James Reviews John Carpenter’s The Ward [Theatrical Review]

I’ve been contemplating this review for the last week since seeing the film. I’ve been attempting to piece together the words that can fully describe the way I feel about this film. When I was seeing it with a full theater and then reacting to it every day for roughly a week and a half now. And I’ve gone from happy to angry to sad to ultimately let down, as if I hadn’t seen a girl I was once in love with for over a decade, trying to rekindle the flame of passion and the whole date kind of ending in an awkward embrace. We both go in for a kiss but miss each other’s lips completely.

The Ward is set in the 1960’s at a psychiatric hospital, particularly in ‘the Ward’ section of the hospital, where the most dangerous of offenders are put to be treated. Kristen (Amber Heard) is the newest patient after being found in just her undergarment while burning down a house. With no explanation why she did it and Kristen’s mind blocking the actual reason out of her mind, she appears to be a lost cause but Dr. Stringer (a stellar Jared Harris) has hope that he can cure her. Along the way she meets the other girls in the ward; the nasty Emily (Mamie Gummer), the artistic Iris (Lyndsy Fonseca), man crazy Sarah (Danielle Panabaker) and childlike Zoey (Laura-Leigh) who help guide her through her own demons and a possible demonic being that is killing them one by one. Can Kristen come to grips with her past and stop the murders that are going on?

Will you care, though? It’s been a decade since Carpenter had made a feature film (in-between he had made 2 great episodes of Masters of Horror) and the surprising thing is it’s a competently made film but with none of the Carpenter-esque style and bravado we’ve grown to know and love over his career. The Ward feels like a world in a bubble, where beautiful crazy people are all put together in the same area where they can mingle with the One Flew Over the Cuckoo’s Nest-lite staff while a killer is on the loose. Is it in her head? The staff of course doesn’t think so but Amber Heard doesn’t give the character much weight. She tries but like we see in most Hollywood fare, they tend to cast someone in the lead that wasn’t able to handle the material. It’s a comical performance, with a flashback that boggles the mind.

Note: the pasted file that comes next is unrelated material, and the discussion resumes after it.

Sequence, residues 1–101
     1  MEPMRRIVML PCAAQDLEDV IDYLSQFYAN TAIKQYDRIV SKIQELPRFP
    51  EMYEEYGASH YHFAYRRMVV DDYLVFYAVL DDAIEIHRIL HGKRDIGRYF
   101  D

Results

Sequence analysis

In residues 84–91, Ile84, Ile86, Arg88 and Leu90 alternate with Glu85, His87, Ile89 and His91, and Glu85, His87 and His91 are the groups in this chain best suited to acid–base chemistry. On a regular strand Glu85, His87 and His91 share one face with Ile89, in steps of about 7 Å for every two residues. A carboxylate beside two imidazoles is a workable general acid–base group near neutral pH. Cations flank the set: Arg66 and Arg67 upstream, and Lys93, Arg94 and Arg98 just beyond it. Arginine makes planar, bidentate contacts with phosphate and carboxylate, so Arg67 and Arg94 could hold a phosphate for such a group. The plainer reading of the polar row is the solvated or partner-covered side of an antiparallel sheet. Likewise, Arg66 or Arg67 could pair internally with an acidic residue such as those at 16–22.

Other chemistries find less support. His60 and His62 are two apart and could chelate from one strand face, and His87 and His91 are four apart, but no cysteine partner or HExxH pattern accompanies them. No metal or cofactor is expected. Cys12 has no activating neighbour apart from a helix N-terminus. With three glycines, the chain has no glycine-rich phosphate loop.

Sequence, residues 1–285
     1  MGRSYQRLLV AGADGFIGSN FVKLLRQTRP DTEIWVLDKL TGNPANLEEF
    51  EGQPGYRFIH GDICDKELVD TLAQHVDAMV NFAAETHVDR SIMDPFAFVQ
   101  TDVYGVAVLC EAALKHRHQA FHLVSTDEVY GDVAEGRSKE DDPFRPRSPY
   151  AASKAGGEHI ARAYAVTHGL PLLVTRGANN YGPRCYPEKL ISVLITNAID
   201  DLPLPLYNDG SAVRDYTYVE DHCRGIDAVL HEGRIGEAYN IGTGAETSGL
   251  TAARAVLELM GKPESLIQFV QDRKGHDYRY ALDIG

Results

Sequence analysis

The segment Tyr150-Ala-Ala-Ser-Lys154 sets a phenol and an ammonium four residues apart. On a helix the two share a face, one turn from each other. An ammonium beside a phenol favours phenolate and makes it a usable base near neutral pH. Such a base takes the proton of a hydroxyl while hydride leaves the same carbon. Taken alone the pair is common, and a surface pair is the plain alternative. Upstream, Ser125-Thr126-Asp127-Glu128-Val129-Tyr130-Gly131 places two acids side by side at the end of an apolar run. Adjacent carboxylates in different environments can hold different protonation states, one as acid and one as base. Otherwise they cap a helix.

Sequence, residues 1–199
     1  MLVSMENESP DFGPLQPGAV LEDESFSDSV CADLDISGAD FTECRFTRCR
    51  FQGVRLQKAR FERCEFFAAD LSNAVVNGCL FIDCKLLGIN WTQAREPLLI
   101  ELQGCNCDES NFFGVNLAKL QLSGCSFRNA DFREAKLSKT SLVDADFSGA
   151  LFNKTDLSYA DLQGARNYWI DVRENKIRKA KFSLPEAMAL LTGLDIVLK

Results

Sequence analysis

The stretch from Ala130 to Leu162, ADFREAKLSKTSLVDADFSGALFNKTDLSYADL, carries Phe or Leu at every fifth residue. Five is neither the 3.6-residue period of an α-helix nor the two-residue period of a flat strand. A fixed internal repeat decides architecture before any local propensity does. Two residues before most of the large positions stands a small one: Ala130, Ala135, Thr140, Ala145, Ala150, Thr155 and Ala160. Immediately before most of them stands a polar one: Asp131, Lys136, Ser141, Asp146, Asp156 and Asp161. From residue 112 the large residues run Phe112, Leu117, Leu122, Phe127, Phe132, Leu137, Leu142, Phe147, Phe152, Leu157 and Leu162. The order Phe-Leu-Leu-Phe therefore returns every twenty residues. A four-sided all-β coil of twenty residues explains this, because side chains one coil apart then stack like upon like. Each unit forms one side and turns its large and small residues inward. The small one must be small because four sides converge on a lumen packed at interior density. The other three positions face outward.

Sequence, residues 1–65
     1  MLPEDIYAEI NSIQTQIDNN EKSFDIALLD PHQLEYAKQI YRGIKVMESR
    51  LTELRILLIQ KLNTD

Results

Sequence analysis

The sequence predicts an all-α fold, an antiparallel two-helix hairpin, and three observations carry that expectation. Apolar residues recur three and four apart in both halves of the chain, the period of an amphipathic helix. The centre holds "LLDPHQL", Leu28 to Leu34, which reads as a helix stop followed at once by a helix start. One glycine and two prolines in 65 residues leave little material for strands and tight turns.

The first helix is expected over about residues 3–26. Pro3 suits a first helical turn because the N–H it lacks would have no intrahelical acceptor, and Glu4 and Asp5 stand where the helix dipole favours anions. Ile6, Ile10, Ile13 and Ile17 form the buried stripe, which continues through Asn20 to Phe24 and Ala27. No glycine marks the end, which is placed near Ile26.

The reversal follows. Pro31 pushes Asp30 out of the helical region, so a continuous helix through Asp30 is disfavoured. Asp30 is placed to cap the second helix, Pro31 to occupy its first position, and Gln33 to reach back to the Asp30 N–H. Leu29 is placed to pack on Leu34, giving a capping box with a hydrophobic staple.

The biggest problem with the film is that at points the characters say something that sounds so ludicrous that it elicits uproarious laughter from the audience when it isn’t intended whatsoever. Being used to ‘so bad, it’s good’ films, this isn’t what Carpenter and company were going for in this film. It’s a supernatural thriller with a twist ending so bad, it had people laughing and questioning that this wasn’t a fake out ending to throw off the viewers. But no, the film ends with a thud that seems to have borrowed the exact ending to a recent thriller by another great director who has been consistently making good films for the last four decades. Not to ruin the twist, but it’s one of those endings that have been the norm in films since The Sixth Sense and The Usual Suspects but tend to take a film from being mediocre to the dumps.

Can I suggest anyone to go see this film? Yes I can. That might sound contradictory but it’s mainly because it’s a John Carpenter film and it’s one of those rites of passage in the world of horror to watch this master at work. This film isn’t the most offensive film to come out this year but it completely misses the mark. It’s Carpenter directing on cruise control, which is disappointing after convincing yourself that Ghosts of Mars couldn’t be the worst film he’s ever made. It’s a middle of the road horror film, which is a bigger offense than something that is outright awful. This has laughably bad moments, but the film has no soul. It’s a waste for Jared Harris, who seems to have gotten the memo for the kind of film he was cast in. The rest just seems procedural and we’ve seen better films dealing with this topic.

I wanted to love this film more than anything. When I heard Carpenter was finally coming back with a feature length film, I knew I had to be there. Not as offensive as Dario Argento’s films since the early 1990’s, but it saddens me even more because of the time span between films. Hopefully I don’t have to wait another decade for John Carpenter to come out with a new film. But I won’t be keeping my hopes up and maybe I won’t be let down like I was with this film. You’ve broken my heart, Carpenter. At least I can throw on my copy of The Thing to remember the good times we’ve shared.

5/10